I call that a parable for me because that’s all it is. It’s just God saying, “You’re okay. I’m in charge of this. Don’t worry. Just work, be faithful, and I’ll manage the details of your life.”
Vastly more important than the parable of providence is the biblical truth of what the Bible teaches about providence, which I define as the purposeful sovereignty of God. I don’t equate sovereignty and providence because sovereignty doesn’t carry in itself the meaning of purpose. You could be sovereign and be whimsical, but if you say providence, you mean that there is now purposefulness in the sovereignty.
The best summary of it is just a few verses after the text we read earlier on being carried to your old age, which is a sweet providence in itself.
I am God, and there is no other;
I am God, and there is none like me,
declaring the end from the beginning
and from ancient times things not yet done,
saying, “My counsel shall stand,
and I will accomplish all my purpose.” (Isaiah 46:9–10)
That’s purposeful sovereignty. God will carry his people to glory. He cannot fail, and therefore they cannot fail. All his purposes stand, and his purposes include the smallest birds that fall from the trees, and every hair of your head being numbered, and the appearance and movements of the stars, and the rise and fall of nations, and everybody’s life and death, and every living being, and the salvation of God’s elect. That’s the totality of God’s purposeful sovereignty.
“Those whom he foreknew he also predestined. . . . And those whom he predestined he also called, and those whom he called he also justified, and those whom he justified he also glorified” (Romans 8:29–30). Not one of God’s people fails to persevere. He knows his own. He saves them to the uttermost. You can tell maybe that I love — I love — the providence of God. I love the truth of the purposeful sovereignty of God. I’m on my knees at the end of this summer with thankfulness for the way God has carried me. The book won’t be out for another year, but that’s the way things work.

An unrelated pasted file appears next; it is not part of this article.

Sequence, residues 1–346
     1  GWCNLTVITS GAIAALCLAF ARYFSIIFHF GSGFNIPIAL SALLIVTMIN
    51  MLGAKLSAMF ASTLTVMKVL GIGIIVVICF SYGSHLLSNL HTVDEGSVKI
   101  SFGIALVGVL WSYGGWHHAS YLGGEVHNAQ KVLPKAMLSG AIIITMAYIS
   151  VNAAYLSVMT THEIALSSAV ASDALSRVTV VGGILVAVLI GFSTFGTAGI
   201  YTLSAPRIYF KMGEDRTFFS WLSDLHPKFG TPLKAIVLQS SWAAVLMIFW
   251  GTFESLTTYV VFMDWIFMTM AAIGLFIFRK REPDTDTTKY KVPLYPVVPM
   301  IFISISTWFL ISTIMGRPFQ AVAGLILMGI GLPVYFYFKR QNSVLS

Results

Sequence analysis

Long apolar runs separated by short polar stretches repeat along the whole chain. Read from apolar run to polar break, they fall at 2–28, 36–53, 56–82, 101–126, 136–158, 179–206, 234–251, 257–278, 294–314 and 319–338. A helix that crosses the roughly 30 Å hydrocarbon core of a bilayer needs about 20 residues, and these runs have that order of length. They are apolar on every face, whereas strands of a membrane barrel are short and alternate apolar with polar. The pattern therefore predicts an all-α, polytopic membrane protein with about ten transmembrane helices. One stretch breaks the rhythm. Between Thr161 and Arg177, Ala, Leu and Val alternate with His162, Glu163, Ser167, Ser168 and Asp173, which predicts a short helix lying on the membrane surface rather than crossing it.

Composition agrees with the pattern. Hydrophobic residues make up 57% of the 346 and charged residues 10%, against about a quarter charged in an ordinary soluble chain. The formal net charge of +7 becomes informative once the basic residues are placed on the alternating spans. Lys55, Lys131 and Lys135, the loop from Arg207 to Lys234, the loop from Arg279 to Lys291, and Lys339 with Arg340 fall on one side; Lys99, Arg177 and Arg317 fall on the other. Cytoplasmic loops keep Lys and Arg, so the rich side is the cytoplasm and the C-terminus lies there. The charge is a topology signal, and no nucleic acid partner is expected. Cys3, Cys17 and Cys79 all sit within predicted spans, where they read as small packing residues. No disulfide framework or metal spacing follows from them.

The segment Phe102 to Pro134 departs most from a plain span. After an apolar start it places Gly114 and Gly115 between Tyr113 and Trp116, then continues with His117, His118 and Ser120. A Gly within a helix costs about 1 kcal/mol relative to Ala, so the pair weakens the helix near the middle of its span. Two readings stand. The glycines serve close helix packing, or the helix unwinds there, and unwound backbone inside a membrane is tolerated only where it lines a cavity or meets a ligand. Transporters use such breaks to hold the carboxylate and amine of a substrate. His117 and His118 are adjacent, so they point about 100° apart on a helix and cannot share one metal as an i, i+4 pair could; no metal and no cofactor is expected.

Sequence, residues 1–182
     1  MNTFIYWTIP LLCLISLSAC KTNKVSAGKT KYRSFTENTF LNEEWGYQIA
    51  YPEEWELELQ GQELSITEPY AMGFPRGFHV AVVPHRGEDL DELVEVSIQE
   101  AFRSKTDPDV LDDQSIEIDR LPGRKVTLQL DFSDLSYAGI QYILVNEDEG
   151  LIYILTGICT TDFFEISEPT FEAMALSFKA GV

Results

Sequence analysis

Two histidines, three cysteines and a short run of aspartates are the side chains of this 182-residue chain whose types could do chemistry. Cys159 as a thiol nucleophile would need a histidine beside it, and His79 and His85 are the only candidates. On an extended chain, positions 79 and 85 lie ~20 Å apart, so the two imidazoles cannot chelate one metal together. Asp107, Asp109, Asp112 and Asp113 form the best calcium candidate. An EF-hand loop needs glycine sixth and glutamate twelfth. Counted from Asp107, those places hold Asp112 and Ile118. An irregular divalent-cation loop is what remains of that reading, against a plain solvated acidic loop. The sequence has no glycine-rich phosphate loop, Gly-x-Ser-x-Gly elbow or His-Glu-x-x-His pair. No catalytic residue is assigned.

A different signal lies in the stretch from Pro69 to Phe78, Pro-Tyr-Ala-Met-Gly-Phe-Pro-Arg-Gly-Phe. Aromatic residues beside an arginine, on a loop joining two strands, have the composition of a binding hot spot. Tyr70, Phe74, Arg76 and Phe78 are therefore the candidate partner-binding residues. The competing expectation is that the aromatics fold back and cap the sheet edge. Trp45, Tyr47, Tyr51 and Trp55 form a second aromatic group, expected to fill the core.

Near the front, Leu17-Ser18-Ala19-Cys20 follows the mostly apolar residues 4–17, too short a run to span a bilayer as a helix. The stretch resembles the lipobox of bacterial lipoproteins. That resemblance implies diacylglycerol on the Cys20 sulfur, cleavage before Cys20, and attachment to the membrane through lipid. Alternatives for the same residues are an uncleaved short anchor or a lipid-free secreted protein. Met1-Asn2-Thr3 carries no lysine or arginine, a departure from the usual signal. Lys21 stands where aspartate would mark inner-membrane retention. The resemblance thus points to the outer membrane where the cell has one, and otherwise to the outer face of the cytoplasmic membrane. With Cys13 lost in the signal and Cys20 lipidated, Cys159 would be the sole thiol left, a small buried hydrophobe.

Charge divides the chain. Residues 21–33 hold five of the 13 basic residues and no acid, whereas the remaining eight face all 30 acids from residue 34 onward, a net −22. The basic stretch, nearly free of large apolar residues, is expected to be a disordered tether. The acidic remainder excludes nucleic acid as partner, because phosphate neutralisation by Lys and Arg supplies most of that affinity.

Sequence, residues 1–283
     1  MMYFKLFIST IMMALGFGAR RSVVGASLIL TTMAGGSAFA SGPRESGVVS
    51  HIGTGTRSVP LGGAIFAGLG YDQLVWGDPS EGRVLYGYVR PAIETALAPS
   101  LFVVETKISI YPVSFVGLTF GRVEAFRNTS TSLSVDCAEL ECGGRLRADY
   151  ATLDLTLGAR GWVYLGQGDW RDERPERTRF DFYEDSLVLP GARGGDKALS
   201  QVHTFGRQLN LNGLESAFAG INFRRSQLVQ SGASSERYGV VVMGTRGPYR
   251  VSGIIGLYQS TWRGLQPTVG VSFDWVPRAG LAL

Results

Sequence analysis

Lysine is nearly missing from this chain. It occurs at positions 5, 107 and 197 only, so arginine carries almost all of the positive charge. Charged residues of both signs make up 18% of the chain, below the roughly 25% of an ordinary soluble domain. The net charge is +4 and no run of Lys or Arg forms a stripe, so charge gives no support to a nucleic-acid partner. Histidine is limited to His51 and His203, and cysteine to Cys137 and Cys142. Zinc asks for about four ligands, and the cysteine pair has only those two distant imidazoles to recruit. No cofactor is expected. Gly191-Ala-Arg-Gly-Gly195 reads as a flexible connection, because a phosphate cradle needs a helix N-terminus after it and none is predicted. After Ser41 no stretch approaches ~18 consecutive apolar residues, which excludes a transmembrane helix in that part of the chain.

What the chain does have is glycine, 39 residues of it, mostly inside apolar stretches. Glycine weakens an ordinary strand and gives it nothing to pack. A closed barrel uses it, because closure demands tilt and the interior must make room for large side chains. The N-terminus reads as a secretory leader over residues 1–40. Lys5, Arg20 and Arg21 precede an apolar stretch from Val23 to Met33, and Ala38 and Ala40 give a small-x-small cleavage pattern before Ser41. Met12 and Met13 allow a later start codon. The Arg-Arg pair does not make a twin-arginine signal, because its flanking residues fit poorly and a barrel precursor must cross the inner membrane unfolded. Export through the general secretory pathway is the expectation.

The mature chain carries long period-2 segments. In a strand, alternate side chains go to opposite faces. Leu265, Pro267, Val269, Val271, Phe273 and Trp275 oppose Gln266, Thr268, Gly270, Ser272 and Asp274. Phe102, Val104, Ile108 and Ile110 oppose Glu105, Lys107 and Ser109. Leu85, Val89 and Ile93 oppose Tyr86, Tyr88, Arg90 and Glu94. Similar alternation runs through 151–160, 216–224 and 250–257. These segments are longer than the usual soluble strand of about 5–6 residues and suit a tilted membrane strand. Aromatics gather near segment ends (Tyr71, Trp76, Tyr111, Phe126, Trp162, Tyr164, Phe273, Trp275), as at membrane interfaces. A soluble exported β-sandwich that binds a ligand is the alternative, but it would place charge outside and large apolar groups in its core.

Joy to the Nations
Just a word about the international ministry: You mentioned the past and the future. Amsterdam, Paris, and Hamburg are just around the corner in late September and early October. That will be our third international trip this year, which is more than we’ve ever done before. We were in São Paulo and Buenos Aires, then in Belfast and Edinburgh — two different trips before this summer.
These trips are costly in terms of time. I could be making a lot of APJs instead of spending time on the jet. But this emphasis on the nations beyond the US fits with a heightened consciousness and a heightened commitment at Desiring God of what it means to be a web-based ministry whose reach is to every nation on earth.
“I finished this book not just on the last day of the writing leave, but in the last minutes of the last day.”
In the last six months, about 7.5 million people have tapped into our online ministries at Desiring God from outside the United States. That puts us in touch with movements that love the infallible Scriptures, love the supremacy of a saving Christ, love the sovereignty of God in salvation, and love the power of joy to sustain love in suffering. I feel myself, and us as a ministry, called increasingly to bless those movements in ways that they find helpful — not us going to them and telling them what they need, but them coming to us, having found help.
Our aim is to serve what God is doing where people already find what we love at Desiring God to be helpful, and then to help them press into other groups around them. It’s been a very fruitful summer. To top it off with grace and joy, I get to perform the wedding of my daughter in just a few weeks. By the time this plays, she will be Mrs. Moore, Lord willing.
Only If the Lord Wills
I look forward to the sovereign arms of God carrying me and Noël to Europe and back. But as James 4:15 says — and it’s a big part of this book on providence — “You ought to say, John Piper, ‘If the Lord wills, we will go to Amsterdam, Paris, and Hamburg.’ Otherwise, you’re arrogant when you talk, because I run the world. You don’t.”
If the Lord wills, we will live and go to Europe and back. If not, we die, but in God’s providence. I love to say, with Henry Martyn, “We are immortal till our works are done.”